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LOU'S VIEWS: I've looked at Fringe from both sides now

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Lou Harry

“It’s a challenge writing about IndyFringe, the festival that adds a shot of late-summer life to Mass Ave.”

That’s how I started my Sept. 1, 2008, column, in which I wrestled with the best way for a lone commentator for a weekly newspaper to handle a non-juried 10-day event comprised of dozens of undifferentiated amateur and professional productions.

This year, I made the challenging task of covering Indy Fringe even more complicated.

(Pardon me for a moment while I switch hats.)

See, I’m also a playwright. And about three months ago, a local director/producer inquired about staging one of my plays at this year’s Indy Fringe.

(Journalism hat now back in place.)

I questioned, briefly, whether an arts journalist should have a show in a local festival at all. Isn’t there some inherent conflict there?
 

Indy Fringe Festival There aren’t too many places, besides Indy Fringe, where dadaist sound poems, above, share stages with standup comics and serious dramas. (Photo/Daniel Axler)

But I justified (some might say, rationalized) my acceptance by noting that 1.) Indy Fringe is non-juried, so it’s not like I was applying for some thing that my role as an arts writer might influence. 2.) Some of the most

noted theater critics of the last century or so, including Robert Brustein, George Bernard Shaw, and my personal idol Harold Clurman, have written or directed plays while they were active as journalists; 3.) I’ve had plays staged in Indy and elsewhere without compromising my journalistic integrity.

Once the decision was made, though, I wasn’t sure if I should cover Fringe differently this year. In search of answers, I checked in with a network of arts-covering colleagues across the country.

Ben Waterhouse of Oregon’s Willamette Week said “I don’t think that you need to change your coverage at all—so long as you don’t write about your show. Cover the fest without your show, and lean on your colleagues at other outlets to cover yours.”

Kansas City-based Grace Suh disagreed: “I think you’re missing out on a rare opportunity. You have unrivaled access and unique insight. Ask yourself the tough questions and answer them with a frankness you’d give to no one else.” Ben Fulton of the Salt Lake Tribune agreed. “Full disclosure now means no apologies later,” wrote Fulton.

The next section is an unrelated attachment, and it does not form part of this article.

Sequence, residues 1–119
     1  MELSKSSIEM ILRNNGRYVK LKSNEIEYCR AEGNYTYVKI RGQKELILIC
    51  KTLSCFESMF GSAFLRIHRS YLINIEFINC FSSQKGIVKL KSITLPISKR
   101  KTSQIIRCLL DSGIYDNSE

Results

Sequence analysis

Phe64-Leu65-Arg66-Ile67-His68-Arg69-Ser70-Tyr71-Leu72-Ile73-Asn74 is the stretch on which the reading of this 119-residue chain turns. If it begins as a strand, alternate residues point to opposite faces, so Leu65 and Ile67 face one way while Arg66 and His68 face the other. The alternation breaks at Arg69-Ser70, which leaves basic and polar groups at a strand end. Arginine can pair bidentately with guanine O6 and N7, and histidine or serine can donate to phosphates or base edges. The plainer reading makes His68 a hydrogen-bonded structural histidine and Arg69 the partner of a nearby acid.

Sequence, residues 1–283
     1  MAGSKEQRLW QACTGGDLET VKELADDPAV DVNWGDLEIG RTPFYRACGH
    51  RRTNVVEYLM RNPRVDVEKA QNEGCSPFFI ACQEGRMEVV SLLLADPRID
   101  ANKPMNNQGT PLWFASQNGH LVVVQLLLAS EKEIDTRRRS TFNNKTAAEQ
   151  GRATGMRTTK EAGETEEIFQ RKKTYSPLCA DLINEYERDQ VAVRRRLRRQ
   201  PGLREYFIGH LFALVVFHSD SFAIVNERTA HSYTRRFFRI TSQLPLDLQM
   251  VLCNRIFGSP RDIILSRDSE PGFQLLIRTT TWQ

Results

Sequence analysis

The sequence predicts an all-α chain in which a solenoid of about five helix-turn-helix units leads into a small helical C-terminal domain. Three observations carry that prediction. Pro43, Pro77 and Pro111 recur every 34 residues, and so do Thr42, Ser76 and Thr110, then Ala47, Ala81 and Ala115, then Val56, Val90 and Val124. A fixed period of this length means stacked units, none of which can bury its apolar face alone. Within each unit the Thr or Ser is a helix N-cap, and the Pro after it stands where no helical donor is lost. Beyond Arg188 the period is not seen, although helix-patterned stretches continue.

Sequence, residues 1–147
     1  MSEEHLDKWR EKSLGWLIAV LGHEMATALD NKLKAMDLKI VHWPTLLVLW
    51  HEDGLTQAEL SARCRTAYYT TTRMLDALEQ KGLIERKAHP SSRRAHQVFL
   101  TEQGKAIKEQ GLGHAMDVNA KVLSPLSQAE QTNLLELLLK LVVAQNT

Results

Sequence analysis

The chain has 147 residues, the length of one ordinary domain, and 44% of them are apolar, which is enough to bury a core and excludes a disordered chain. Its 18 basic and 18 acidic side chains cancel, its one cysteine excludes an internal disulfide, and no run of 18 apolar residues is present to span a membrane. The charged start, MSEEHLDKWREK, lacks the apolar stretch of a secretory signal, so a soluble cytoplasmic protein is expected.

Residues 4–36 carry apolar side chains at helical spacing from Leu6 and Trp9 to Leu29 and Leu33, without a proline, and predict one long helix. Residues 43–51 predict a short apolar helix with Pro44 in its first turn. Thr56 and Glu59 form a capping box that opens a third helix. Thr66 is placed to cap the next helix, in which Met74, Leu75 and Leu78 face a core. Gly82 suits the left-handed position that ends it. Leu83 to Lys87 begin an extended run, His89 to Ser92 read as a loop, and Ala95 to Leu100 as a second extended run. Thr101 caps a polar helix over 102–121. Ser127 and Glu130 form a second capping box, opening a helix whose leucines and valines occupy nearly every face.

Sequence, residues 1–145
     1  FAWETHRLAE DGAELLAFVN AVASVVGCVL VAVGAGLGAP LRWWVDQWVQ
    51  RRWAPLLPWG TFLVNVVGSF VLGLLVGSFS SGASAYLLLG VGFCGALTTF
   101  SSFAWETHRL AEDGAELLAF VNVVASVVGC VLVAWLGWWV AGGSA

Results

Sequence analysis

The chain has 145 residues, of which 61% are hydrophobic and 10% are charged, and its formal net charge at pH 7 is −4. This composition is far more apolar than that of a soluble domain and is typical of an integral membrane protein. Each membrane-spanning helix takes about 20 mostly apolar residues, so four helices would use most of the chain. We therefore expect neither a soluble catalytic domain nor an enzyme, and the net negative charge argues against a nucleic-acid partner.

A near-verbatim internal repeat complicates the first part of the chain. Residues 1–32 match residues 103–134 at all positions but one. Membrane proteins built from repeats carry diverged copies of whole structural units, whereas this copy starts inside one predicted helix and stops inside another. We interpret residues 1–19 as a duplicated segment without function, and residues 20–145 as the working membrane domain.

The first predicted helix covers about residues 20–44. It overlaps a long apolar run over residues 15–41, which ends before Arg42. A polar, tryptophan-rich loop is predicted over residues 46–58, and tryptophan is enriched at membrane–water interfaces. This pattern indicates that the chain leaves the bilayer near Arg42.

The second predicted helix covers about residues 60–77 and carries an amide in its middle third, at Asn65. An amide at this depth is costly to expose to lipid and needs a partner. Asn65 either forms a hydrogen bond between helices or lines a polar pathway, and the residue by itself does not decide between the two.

It was tempting to go that route. But I was and am hypersensitive to giving the impression of using this column to promote my outside writing. Self-consciously interviewing myself about my play while it is still running might be interesting. But it could also seem self-serving and opportunistic.


Indy Fringe Festival Fringe show “Oneymoon (A Honeymoon for One)” concerns a woman who marries herself. (Photo/Daniel Axler)

Ultimately, I took the Waterhouse approach (sans leaning on others to cover my play), at least in my initial preview/review coverage in my blog and e-blast. As for this wrap-up piece, try as I might to write it without bringing in my experience on the other side, I couldn’t. So rather than scrap it altogether, which wouldn’t really be fair to the festival, I wrote this post-mortem as I try to write all my columns: Truthfully.

For me, the biggest challenge in wearing the hats of both playwright and critic wasn’t concern over objectivity. Rather, it was not being able to fully embrace the camaraderie of the festival, where other participants dined, drank and log rolled for each other seemingly regardless of the perceived quality of the work. It’s tough to have those casual conversations when you’ve written publicly about your disappointment in someone’s underdeveloped work. Or, worse, if you haven’t gotten around to seeing their work at all. In such circumstances it’s tough to gauge if a performer or producer (usually these are one and the same) is chumming up to you or praising your show honestly, or if he or she is just trying to get in good in an effort to increase the chances of press coverage.

Not that such a tactic would work.